Just like everyone else, I froze when I came out of the front door. The balcony was over the entrance, three stories above the ground where nobody could have seen me working, and the balcony had an iron parapet… and from that parapet Elaine Ettler, Countess of Haberlund, hang. Around her throat wasn’t her shawl, instead there was a long, white rope. Not a rope, I realized after a moment. It’s her fucking hair. Someone hanged her corpse with her own fucking hair. When she was already dead. Someone fucked up my job. Well, at least my reaction of complete surprise must have proved to everyone that I had no idea whatsoever of what had happened on that balcony. Like everyone else, I spent a good deal of time staring at the Countess’s swinging corpse, and then I left.
While I went back towards the tavern, I did my best to ignore all of the supporters of the Electors who kept insulting each other in the streets. Most of these arguments ended in violent fights, and the Watch was out in full strength to ensure that at least nobody was killed. Just because of the stupid election, I thought. Thank God we don’t get to vote, then it’d be even worse. Let the peasants punch each other over their new Emperor, it won’t change anything. The Dukes have the votes and no one else, not haughty Madame Duvallier’s husband or any of these screaming idiots in the streets.
I did my best to ignore all of it and to still focus on my surroundings, after all I was a young, not unattractive woman alone in the streets after nightfall, and though I was moving through the better parts of Triona, some of these men might have felt that I was in need company. But while I didn’t care about that a lot because let’s face it, none of these half-wits would survive two seconds after touching me, I was still both very much pissed off and extremely nervous. Because whoever decided that it was a good idea to hang the Countess’s corpse must have seen me murder her. He must’ve been on that balcony right after me, and he must’ve heard damn Madame Duvallier say my name. Fuck you, Duvallier.
Also, there was a big chance that Mr. Unknown Assassin was following me right then, waiting for me to be alone, knives ready. And the thing was, I damn well knew who Mr. Unknown Assassin was, because there was only one detail about the Countess that was different from the last time I saw her other than her hanging from her balcony: the swinging corpse was wearing black boots. And there was only one fucking madman in the entire Empire who always took the time to leave that obvious trademark on the feet of his victims. The damn Booted Cat. The most expensive, most brutal, most famous professional there was, a man that always got the job done, a man that was known to hate competition. I wouldn’t have been the first fellow colleague of his that finds himself swimming in the river with black boots on her feet and a wide gap in her throat, floating by the docks. So I did the only thing possible to shake him off: I went in a completely different direction, crossed the river not on one of the bridges, but alone on a ferry for an outrageous price, and then I slipped out of my shoes and ran for it, as fast as I could in this damned dress.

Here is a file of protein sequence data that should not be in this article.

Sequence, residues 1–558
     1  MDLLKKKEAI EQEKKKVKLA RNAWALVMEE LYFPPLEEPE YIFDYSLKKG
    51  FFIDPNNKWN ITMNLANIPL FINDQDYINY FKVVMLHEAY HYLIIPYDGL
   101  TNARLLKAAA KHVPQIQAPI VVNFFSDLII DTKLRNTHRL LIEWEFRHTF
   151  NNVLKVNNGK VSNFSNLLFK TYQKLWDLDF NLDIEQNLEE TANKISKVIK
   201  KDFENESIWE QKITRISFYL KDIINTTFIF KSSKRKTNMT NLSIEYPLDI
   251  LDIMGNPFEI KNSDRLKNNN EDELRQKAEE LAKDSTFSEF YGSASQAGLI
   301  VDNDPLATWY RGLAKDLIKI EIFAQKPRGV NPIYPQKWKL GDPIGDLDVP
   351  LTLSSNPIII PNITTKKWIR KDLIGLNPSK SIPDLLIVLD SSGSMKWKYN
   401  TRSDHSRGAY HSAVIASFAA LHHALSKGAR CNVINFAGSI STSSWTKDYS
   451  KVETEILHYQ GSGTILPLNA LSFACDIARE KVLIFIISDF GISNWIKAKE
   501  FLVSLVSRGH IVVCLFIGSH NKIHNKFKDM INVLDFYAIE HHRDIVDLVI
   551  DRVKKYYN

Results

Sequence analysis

“Where’re you off to, pretty?”, a drunkard cried after me, but I ignored him, left the main road and made straight for the tavern where I had started my evening. I put on my shoes again, threw over my hood and crossed the bar room. Just like all other taverns this night, it was filled with drunken men who spent their evening discussing the election, either praising or slandering the Prince and Drakensteyn. Luckily, they were so busy shouting at each other that I made it to the stairs unnoticed. I climbed them as fast as I could in those damn shoes, pulled out the key, unlocked the door and locked it again behind me.
Inside, Madame Vallond still lay bound and gagged on the bed.